Yet, as agricultural acreage declines worldwide and so many global minds focus on ways to feed a growing earth population, the Egyptian effort does beg the question:

Can reclaimed deserts store carbon and grow food?  More to the point, could composted organic waste help green up deserts like the Sahara or the Kalahari or the Sonoran?

Search the web for successful desert reclamation projects.  The use of compost is integral to all and has been referred to as “fertility priming.”

Capturing and composting organics would be the easy part. Unfortunately, there are major hurdles between barren sand and arable acres:

  • Tilling releases carbon. Unless the crops planted are perennial, some of that applied carbon will be lost.  In Egypt’s case, the goal is more annual grains like wheat and corn, perennials.  However, it should be noted, soil sampling at two of Egypt’s desert farms suggest carbon supplied from organic soil amendments will accumulate, even in oft-tilled fields.
  • While compost holds water, that water has to come from somewhere — if not rain, then rivers and aquifers or, as a last resort, desalination. But river water can be diverted by projects upstream.  Fossil aquifers, like those under northern Africa, are not replenished and will, eventually, dry up.  Desalination is still considered an expensive solution.  This means water availability will continue as the most critical factor to project success.
  • Desert soils tend to be salty, too, which creates unfavorable growing conditions. Fortunately, one permaculture specialist has reported a de-salting effect from building a living soil in the desert.

There seems to be a wealth of anecdotal material out there on desert reclamation, but not much peer-reviewed, scientific research.  Some “research” is based on calculations, not long-term field testing/studies.

In addition, the reclamation farms tend to be smaller “niche” operations — organic, biodynamic, permaculture, etc. — and not large, conventionally managed acreage.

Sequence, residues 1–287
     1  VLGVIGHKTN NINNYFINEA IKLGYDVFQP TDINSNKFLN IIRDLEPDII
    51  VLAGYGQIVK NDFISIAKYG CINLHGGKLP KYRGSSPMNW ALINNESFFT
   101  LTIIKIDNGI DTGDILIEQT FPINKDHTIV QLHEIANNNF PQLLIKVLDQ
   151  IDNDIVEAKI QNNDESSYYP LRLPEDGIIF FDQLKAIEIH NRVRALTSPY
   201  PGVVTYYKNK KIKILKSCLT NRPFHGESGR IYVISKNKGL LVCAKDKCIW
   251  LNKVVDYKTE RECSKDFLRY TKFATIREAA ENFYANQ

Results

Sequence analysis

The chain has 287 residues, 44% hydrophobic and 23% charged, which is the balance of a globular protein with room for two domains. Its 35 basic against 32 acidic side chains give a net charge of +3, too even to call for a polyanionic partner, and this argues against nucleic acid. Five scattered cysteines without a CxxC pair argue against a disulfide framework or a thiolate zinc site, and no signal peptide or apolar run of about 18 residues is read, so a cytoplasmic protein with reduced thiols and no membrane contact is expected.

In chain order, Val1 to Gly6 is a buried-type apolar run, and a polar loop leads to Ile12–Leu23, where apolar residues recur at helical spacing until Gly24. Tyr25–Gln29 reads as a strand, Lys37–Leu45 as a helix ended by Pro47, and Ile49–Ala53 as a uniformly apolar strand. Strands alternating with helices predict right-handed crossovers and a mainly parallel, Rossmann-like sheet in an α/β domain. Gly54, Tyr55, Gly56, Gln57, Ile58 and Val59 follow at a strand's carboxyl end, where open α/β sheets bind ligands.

That said, by simply looking at photos and videos, it’s obvious that desert reclamation is possible.  Whether or not it can also be profitable on a large scale remains to be seen.

But if these issues could be resolved, resulting in a clear path for resurrecting vast expanses of sandy soil, how much compost would it take to green a desert?

Most desert soils contain less than 1 percent organic matter.  To make the calculation easy, assume that number to be zero and add enough compost to boost organic matter content (OM) to the recommended 5 percent.

Based on this example,  a 1 inch application requires 135 cubic yards or 54 tons of compost per acre.  This assumes a 60 percent organic matter content, a bulk density of 800 lbs./cubic yard, and 30 percent moisture.

The author of this article about raising soil organic matter (SOM) levels says bumping SOM 1 percent “requires an additional 20,000 lbs. (10 tons) of soil organic matter or 11,600 lbs. (5.8 tons) of carbon, as soil organic matter is roughly 58 percent of carbon.”

The article further calculates stover and root mass from a no-till wheat cover crop system can only be expected to add about 0.1 percent of organic matter to soil.  Obviously, though that percentage might fluctuate a bit depending on the crop and cropping system, one of the fastest ways to build soil organic matter content is not through plants, but through compost use.

At 3.6 million square miles or about 2.3 billion acres, the Sahara is roughly the size of the United States.  It would take billions of tons to make those acres productive.

But balancing out CO2 emissions only requires a couple of plots the size of Egypt.  That’s about 500 million acres.  It sounds like a daunting task until considering there are nearly twice that many farm acres — more than 900 million as of the 2017 agricultural census — in the U.S. alone.

This is doable.  And the best news?  Nary an ounce of waste or compost needs to be hauled to Egypt.  Those 500 million acres can be divvied up and spread across the globe.  From tenders of 10,000-acre ranches to diggers of 100 sq. ft. gardens, anyone can contribute to carbon sequestration.

Of course, playing with numbers is just that — play.   A tremendous amount of effort, plus a megadose of dollars, would be required to convert all world organics to compost.  But rough numbers and real-world economics suggest sequestering carbon through compost use is possible.  (View the SlideShare title: Compost to the Rescue)

And as the World Bank expects the global waste stream to grow by 70 percent by 2050, it sounds like there will be plenty of organics available to get the job done.